Do you have a small laundry room that is actually just a closet? Try removing the closet doors to see how much bigger the space feels! That’s exactly what I did…and I knew I couldn’t put the doors back on. Instead, I came up with a way to hide the washer and dryer while keeping the rest of the space open. Here is how I upgraded my small laundry room closet into a beautiful space!
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Removed the Closet Doors
The first step and biggest inspiration for this project came when I removed the closet doors. I had two large bifold doors hiding the laundry space in my hallway. As soon as I removed the doors, the hallway felt much bigger and brighter! After seeing the laundry closet without doors, I knew that I couldn’t reinstall them. Instead, I came up with a way to make the space both functional and beautiful without them!
Installed Upper Cabinets
Luckily, I was renovating our little wet bar at the same time as the laundry room/closet. I removed two upper cabinets from the wet bar and decided to install them in our laundry space. I installed them on far sides of the back wall with the intention of installing another cabinet in the middle of them.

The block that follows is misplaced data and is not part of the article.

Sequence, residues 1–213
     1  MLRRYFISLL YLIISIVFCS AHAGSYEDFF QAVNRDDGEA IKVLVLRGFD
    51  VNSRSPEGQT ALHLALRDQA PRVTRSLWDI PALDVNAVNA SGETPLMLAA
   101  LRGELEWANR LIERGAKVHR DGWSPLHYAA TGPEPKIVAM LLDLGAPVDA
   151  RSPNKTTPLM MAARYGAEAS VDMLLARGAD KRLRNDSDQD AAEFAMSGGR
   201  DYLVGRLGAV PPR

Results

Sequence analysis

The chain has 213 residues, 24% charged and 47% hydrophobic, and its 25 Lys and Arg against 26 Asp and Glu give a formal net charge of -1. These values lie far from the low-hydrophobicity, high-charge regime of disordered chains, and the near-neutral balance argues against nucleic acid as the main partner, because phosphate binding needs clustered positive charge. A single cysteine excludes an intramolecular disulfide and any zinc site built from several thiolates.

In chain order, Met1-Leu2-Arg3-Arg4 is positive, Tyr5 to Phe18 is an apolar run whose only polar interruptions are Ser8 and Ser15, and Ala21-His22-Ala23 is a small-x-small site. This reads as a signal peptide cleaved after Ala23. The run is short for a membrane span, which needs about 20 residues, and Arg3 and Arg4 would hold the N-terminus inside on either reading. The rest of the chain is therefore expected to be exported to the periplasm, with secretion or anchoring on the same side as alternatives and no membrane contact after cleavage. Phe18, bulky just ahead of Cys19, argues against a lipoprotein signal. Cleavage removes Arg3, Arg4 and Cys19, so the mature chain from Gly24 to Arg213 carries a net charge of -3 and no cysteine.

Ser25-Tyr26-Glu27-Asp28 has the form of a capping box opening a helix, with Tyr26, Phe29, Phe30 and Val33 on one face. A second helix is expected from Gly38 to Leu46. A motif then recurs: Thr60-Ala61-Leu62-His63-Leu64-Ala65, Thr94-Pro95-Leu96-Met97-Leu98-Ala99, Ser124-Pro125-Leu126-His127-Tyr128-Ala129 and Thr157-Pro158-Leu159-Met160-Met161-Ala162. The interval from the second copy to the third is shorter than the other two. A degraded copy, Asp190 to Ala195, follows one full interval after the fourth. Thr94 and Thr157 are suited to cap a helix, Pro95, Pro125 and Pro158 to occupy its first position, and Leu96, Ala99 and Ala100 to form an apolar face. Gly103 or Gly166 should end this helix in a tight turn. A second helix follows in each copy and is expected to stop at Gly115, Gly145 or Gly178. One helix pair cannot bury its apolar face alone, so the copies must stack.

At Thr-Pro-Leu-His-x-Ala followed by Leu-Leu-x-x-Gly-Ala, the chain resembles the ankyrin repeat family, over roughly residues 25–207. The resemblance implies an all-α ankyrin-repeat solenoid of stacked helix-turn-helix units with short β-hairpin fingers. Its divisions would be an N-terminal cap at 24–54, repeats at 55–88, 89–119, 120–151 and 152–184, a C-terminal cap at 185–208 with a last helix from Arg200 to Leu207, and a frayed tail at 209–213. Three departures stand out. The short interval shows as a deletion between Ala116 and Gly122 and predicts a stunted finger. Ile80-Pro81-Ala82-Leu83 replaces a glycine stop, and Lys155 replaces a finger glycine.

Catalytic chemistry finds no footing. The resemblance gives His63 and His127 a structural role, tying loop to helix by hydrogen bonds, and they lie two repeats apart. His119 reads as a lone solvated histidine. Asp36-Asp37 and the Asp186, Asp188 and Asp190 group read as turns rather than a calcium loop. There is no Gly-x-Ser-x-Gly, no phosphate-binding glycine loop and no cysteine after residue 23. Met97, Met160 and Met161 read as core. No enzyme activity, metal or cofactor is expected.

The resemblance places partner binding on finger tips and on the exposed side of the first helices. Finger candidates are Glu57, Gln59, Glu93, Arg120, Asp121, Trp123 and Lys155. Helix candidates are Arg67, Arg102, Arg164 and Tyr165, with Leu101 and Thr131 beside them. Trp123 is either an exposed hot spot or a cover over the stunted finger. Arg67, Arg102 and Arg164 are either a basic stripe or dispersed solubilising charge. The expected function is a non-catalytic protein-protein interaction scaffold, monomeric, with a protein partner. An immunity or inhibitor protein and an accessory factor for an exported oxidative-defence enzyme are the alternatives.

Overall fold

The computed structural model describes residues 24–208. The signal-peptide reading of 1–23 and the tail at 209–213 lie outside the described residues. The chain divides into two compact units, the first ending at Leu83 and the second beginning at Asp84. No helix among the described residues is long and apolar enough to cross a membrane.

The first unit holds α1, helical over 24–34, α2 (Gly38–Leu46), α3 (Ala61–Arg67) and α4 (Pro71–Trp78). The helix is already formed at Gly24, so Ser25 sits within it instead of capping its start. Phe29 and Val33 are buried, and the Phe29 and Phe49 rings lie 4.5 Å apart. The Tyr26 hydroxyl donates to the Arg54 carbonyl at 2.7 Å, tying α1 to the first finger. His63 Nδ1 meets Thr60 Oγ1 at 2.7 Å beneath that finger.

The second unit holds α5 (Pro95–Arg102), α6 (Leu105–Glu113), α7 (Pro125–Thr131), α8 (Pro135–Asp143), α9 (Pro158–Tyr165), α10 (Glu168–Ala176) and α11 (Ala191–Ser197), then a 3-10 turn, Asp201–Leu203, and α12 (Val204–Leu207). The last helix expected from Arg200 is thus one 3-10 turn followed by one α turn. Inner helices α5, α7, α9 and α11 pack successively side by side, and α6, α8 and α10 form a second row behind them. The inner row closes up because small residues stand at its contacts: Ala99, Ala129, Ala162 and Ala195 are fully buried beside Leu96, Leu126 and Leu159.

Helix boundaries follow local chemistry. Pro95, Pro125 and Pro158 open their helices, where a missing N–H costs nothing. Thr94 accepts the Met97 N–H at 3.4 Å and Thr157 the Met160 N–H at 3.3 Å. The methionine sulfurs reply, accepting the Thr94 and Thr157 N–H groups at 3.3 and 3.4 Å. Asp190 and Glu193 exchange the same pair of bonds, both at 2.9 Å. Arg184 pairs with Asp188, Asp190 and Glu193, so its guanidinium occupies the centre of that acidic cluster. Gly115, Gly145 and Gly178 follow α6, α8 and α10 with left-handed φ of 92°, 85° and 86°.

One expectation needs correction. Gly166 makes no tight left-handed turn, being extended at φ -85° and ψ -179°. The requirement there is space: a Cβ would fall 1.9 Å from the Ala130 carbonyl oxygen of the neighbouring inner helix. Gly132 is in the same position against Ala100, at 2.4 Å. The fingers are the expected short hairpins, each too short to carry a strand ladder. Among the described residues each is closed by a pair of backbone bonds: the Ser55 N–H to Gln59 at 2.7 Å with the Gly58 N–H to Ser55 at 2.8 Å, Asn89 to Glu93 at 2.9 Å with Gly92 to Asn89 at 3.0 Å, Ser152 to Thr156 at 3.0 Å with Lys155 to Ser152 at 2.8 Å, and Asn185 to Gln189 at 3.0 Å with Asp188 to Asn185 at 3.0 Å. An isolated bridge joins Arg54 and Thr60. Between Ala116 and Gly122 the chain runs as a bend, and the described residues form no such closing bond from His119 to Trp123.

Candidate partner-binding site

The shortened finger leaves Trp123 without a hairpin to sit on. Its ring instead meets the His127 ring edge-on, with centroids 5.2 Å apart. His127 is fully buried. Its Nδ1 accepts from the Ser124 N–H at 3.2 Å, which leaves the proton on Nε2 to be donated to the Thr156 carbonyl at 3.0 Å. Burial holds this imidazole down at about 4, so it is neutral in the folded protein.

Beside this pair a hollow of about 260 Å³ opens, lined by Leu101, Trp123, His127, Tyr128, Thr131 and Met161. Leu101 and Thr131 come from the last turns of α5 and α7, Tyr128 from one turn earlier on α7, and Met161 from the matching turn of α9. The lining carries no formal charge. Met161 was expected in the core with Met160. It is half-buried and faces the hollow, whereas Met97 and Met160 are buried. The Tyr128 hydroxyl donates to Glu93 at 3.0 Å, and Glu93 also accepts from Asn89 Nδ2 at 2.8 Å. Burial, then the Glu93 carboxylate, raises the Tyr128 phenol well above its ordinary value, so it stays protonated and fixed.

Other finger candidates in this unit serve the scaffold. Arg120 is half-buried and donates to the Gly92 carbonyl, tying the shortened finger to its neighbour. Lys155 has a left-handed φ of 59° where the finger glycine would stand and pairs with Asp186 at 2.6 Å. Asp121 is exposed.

I was initially thrilled about my purchase of an unfinished upper cabinet from Home Depot and eager to have it installed. However, my excitement quickly faded when I realized that it didn’t match the style I needed and wouldn’t be suitable. Back to square one I went, revisiting my plans.
I ultimately decided to build a small shelving unit to fit between the two upper cabinets.
With the cabinets in place, I was able to get my dimensions for the shelving unit. I wanted it to fit snuggly between the two cabinets and be the same depth as the cabinet boxes.
The shelving unit was constructed using a combination of plywood and shiplap paneling. I employed 3/4″ plywood for the top, bottom, sides, and the main shelf of the unit. Additionally, I affixed a shiplap paneling piece to 1/2″ plywood, using it as the backing for the shelving unit.
Installed Countertop Supports
Once the cabinets were installed, I was able to start working on the countertop supports. I used 2×4’s for the wall supports. I secured them to the studs using construction screws.